We received amazing responses to our last question of the issue, which was: "Are you a planner?". Here's one that really stood out to us - because it challenged our perspective on planning a bit. And we love to be challenged (that's how you grow right?). So we thought we'd post it here, for you all to see. Sarah is an incredible writer, and considers herself a Cultural Contrarian. Whether you agree or disagree with what she has to say (disclaimer: there's some language in this post), you can't deny that the girl's got a way with words. It sure got us thinking...
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the thing is: I kind of like not knowing. I like not knowing where I’ll be this time next year, I like not knowing exactly where my career will be, or what kind of brilliant idea I might gain from the journey that will keep it going.. I like not knowing because it gives me the freedom of finding something that is purely my own. The benefit of this is also the harm of it: I’m gutsy but I’m vulnerable. I hoard options my life could take and hop around until I find that feeling, because I gotta try it to know for sure. I know that I assume more risk in this process, but I also know that with greater risk comes greater reward (in the right market conditions), and I know that I can take that on because my latest hustle is in finance and I stare at risk tolerance charts all day.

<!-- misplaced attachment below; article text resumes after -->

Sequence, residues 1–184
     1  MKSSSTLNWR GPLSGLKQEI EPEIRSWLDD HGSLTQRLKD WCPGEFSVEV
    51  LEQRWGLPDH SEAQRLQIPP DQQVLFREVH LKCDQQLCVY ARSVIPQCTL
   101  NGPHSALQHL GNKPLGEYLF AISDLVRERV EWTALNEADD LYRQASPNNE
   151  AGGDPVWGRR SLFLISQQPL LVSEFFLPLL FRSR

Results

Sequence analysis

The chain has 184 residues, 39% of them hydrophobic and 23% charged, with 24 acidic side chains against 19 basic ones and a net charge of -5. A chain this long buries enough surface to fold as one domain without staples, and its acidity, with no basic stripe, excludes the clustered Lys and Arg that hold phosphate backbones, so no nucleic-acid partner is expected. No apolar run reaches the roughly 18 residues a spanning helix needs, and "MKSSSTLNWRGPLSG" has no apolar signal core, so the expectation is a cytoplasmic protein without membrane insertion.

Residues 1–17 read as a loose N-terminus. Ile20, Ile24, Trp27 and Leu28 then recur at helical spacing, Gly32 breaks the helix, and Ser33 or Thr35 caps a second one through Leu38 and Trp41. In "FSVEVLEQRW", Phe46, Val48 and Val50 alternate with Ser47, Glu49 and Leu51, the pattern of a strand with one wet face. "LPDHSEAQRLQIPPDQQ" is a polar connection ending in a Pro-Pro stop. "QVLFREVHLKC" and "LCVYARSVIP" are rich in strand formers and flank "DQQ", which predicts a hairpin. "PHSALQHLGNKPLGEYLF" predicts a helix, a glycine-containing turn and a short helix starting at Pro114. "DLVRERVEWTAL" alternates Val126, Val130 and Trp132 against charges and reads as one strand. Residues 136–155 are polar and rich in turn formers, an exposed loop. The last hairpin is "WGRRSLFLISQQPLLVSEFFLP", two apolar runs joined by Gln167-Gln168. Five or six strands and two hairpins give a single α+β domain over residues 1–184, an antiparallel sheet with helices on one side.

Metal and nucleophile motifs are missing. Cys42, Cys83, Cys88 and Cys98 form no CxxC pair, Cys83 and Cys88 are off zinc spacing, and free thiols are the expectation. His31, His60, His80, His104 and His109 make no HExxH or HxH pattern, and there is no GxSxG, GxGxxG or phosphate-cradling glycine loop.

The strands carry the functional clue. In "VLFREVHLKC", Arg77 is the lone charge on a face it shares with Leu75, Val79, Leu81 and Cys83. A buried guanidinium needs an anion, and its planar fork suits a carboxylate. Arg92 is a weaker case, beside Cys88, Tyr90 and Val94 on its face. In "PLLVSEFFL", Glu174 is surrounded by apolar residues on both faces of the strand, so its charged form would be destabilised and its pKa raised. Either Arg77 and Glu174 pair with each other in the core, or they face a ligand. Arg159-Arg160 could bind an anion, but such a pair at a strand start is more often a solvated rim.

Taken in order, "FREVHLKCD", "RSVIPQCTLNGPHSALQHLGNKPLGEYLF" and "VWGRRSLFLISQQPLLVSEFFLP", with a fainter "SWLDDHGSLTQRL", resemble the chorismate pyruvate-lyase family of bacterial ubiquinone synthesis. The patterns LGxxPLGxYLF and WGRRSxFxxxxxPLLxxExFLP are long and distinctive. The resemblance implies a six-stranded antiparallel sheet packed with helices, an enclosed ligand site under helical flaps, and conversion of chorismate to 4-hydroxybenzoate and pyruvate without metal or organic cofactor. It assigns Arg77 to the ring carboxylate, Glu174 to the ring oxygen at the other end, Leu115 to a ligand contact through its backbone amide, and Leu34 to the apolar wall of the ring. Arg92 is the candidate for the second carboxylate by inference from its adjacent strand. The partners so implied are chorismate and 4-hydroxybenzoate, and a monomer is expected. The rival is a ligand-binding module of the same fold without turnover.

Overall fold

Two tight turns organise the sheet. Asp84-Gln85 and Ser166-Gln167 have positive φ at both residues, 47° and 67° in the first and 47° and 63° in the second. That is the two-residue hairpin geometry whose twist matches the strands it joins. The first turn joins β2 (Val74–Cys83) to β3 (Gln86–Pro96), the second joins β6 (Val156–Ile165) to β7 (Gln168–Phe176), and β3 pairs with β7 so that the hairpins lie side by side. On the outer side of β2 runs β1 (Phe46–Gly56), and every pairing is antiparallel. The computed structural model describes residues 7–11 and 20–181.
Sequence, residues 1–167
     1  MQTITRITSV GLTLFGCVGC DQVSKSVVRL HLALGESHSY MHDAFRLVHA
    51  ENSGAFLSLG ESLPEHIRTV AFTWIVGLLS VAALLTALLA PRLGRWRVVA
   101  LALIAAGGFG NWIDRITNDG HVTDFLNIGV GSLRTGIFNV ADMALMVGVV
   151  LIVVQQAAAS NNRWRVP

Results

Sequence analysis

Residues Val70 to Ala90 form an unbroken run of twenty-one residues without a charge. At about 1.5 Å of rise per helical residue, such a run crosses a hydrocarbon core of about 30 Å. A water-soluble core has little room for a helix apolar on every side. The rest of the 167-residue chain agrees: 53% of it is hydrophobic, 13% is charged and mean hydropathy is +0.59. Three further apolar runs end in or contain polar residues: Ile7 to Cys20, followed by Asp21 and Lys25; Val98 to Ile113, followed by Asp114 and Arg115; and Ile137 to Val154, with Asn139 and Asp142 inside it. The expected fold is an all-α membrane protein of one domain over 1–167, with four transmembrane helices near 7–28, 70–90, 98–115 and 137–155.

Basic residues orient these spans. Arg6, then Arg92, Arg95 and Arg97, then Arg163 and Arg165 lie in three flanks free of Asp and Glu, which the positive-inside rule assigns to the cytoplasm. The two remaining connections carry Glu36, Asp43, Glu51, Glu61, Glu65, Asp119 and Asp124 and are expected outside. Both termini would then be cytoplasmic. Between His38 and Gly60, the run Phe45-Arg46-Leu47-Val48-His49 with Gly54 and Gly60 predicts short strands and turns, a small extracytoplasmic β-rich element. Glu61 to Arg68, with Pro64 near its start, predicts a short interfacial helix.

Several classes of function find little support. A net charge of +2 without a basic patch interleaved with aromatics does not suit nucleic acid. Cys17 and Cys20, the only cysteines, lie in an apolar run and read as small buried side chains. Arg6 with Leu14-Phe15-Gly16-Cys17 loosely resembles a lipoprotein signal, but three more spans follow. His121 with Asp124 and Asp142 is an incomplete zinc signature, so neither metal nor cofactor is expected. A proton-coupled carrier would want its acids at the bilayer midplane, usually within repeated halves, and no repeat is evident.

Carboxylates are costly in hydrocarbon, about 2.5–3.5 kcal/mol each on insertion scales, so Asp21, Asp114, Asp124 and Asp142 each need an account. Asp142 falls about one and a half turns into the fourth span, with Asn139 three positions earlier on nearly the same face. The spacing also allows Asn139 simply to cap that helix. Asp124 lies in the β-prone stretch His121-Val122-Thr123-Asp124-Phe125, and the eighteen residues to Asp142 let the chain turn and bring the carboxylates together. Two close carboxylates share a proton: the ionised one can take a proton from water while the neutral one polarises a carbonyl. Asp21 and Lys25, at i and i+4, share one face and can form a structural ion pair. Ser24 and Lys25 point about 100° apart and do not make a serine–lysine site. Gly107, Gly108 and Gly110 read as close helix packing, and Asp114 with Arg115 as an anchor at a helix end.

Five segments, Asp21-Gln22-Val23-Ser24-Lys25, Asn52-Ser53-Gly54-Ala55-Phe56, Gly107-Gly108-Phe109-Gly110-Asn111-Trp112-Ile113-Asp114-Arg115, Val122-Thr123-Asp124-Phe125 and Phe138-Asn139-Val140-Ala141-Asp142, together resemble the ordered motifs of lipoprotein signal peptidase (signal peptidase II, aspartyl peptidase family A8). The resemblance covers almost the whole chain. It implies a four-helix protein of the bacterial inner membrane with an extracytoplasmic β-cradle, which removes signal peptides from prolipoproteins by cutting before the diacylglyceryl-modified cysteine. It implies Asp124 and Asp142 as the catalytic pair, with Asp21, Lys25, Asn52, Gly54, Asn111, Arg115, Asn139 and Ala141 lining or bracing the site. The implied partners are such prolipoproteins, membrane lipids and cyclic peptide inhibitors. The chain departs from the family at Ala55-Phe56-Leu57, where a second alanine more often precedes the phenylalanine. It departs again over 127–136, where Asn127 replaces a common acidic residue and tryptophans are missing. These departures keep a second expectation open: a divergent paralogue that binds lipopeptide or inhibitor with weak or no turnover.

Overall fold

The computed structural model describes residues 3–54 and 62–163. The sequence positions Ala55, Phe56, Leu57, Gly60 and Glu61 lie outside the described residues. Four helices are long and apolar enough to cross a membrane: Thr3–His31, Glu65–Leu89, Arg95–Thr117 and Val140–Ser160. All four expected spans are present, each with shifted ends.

Church, family, politics, mobility, money, ideas, creativity…. Singularly, the definitive knowing/believing in specific veins of these concepts are someone’s everything and someone else’s nothing. Deciding what is everything to YOU is tricky. The influence of societal standards, family pressure/tradition, friends, etc can be blinding to the core of a person. Deciding that someone’s everything should also be your everything can protect you from many uncomfortable questions, situations, and storms (i.e. make you less vulnerable), but ultimately, if it truly isn’t your everything it only leads to emotional chaos and unhappiness. This is (amongst other things) why I left my religion. As a cultural contrarian I tend to express my feelings on the issue and by their very nature they offend some of my friends and family. But at the same time, if I know anything, it’s that there are massive amounts of unhappy people in every religion, every country, every political party, every income tax bracket. And while I do believe that happiness isn't unconditionally inclusive of correctness (ahmm mass amounts of creepy perverted people in the world ahmm) I do think there is something to be said for the simple joys of unadulterated happiness.
My goals have to be unrealistic to be effective. I act on impulse. I jump when I see a chance. I'm a traveling gypsy whore who likes change and changing her mind. I sometimes feel alone and scared and like no one loves or approves of me, especially when I'm coinciding with my society's timetable.
but it’s so worth it to be happy.